Most Endurance tires are yust like the old ST , calculated in maximum load for 65mph.
This allows more deflection then LT-tire of same sise and loadrange would need for the 99mph , the maxload is calculated for.
That is the reason why the old ST failed often.
The deflection was to the edges of safety, so a little more speed then 65mph, or litle more weight on tire, or little less pressure, and the tires overheated.

The old ST had better be given the same deflection as LT , so more reserve.
This means that if 65 psi for D-load old ST was given, you better use higher , but not allowed anymore, in earlyer days 10 psi above that was allowed.

Now the new Endurance also to much deflection , and also calculated to the edges of safety, and need higher pressure then the old because stiffer tire gives lesser surface on ground at same deflection.

All together, if you would let me calculate for the new, after giving me 100% accurate data( haha forget it) , it will probably come to that 80 psi, with maximum reserve, and still no bumping.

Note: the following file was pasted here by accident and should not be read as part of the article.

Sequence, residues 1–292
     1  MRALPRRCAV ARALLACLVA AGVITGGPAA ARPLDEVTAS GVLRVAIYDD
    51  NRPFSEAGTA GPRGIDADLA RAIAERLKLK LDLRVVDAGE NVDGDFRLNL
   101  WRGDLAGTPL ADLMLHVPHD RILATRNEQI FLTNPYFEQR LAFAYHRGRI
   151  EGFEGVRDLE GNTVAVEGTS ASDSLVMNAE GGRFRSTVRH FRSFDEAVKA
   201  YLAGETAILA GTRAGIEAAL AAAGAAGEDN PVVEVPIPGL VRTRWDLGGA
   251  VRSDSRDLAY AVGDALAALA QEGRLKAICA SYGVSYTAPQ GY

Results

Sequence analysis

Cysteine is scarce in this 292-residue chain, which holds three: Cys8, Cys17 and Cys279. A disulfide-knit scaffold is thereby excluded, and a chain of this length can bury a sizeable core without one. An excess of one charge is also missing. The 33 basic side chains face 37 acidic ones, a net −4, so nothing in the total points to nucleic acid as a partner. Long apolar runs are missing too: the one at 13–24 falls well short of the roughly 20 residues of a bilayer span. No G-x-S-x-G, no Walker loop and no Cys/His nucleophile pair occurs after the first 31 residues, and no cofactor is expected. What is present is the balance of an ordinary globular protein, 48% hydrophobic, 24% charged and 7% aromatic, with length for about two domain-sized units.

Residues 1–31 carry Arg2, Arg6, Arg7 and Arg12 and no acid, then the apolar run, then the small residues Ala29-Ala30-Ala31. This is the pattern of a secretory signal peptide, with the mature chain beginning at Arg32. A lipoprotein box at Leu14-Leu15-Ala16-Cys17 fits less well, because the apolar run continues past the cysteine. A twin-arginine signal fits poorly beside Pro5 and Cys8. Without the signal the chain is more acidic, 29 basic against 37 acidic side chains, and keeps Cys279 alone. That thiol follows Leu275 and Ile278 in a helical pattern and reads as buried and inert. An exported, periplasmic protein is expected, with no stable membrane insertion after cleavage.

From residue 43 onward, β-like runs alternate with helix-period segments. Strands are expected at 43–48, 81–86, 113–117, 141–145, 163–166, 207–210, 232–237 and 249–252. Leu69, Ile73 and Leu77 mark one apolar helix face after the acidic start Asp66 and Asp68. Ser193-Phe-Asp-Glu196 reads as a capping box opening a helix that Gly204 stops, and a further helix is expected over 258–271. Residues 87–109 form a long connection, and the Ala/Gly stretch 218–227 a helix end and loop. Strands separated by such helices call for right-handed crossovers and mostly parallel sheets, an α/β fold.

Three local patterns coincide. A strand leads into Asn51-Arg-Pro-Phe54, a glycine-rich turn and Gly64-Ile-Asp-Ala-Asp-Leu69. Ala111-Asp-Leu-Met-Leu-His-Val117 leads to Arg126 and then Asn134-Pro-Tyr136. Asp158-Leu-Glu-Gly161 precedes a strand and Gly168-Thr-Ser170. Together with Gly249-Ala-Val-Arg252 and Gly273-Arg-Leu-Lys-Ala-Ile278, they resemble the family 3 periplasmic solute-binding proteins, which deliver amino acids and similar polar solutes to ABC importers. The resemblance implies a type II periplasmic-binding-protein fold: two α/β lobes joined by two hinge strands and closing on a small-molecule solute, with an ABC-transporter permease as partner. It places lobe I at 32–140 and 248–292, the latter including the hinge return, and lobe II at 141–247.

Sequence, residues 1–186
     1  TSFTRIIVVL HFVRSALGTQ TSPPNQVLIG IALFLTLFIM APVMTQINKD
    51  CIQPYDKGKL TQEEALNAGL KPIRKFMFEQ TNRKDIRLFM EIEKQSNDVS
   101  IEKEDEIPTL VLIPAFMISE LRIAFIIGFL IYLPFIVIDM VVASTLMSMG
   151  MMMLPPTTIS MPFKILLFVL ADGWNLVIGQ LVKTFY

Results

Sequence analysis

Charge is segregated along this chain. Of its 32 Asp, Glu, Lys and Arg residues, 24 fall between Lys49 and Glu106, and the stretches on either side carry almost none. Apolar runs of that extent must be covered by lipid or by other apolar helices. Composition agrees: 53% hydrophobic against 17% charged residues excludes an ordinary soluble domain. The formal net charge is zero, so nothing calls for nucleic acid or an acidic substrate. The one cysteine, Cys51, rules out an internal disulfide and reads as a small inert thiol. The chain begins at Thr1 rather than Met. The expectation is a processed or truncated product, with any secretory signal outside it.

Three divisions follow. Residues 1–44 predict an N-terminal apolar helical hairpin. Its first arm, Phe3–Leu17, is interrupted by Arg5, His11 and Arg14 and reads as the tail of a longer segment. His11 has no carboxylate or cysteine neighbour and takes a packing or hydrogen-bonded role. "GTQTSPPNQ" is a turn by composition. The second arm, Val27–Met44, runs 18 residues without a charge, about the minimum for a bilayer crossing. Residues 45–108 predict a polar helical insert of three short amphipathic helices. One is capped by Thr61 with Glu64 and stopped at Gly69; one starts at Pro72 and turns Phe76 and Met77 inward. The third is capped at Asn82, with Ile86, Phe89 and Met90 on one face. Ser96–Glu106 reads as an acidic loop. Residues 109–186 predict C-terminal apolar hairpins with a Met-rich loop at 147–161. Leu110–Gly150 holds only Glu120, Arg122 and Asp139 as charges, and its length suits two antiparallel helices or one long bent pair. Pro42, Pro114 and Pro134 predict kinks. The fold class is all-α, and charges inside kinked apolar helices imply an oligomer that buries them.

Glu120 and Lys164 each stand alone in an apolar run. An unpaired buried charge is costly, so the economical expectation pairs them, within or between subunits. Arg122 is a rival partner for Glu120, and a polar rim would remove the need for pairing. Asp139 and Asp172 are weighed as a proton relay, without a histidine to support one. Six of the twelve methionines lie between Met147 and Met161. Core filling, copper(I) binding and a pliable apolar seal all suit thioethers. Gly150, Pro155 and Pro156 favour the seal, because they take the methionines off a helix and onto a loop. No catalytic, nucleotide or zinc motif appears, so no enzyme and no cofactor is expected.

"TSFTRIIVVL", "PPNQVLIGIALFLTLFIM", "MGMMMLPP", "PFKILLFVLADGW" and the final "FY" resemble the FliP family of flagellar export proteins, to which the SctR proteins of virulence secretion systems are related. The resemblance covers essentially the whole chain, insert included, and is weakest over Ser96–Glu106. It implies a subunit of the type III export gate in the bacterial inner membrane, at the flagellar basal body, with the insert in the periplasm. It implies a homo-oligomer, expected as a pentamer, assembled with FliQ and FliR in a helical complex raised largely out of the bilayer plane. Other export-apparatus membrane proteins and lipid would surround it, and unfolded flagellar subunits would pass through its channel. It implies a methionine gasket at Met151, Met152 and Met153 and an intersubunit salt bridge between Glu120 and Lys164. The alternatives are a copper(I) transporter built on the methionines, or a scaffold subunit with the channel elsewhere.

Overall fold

So dont think that with chanching to Endurance, you are safe with same pressures or even a bit higher, probably you better use max allowed of 80 psi for E-load.

rhpeahl 03-15-2019 10:18 AM

Tire pressure
 
We ran our Goodyears at 65psi for a year, then lowered the pressure to 52, still above the Goodyear recommendation for our FC27FBT.

The interior cushions are much less playful now, which tells us the ride is better for the trailer.

wulfraat 03-15-2019 10:58 AM

Quote:

Originally Posted by jadatis (Post 2220328)
Most Endurance tires are yust like the old ST , calculated in maximum load for 65mph.
This allows more deflection then LT-tire of same sise and loadrange would need for the 99mph , the maxload is calculated for.
That is the reason why the old ST failed often.
The deflection was to the edges of safety, so a little more speed then 65mph, or litle more weight on tire, or little less pressure, and the tires overheated.

The old ST had better be given the same deflection as LT , so more reserve.
This means that if 65 psi for D-load old ST was given, you better use higher , but not allowed anymore, in earlyer days 10 psi above that was allowed.

Now the new Endurance also to much deflection , and also calculated to the edges of safety, and need higher pressure then the old because stiffer tire gives lesser surface on ground at same deflection.

All together, if you would let me calculate for the new, after giving me 100% accurate data( haha forget it) , it will probably come to that 80 psi, with maximum reserve, and still no bumping.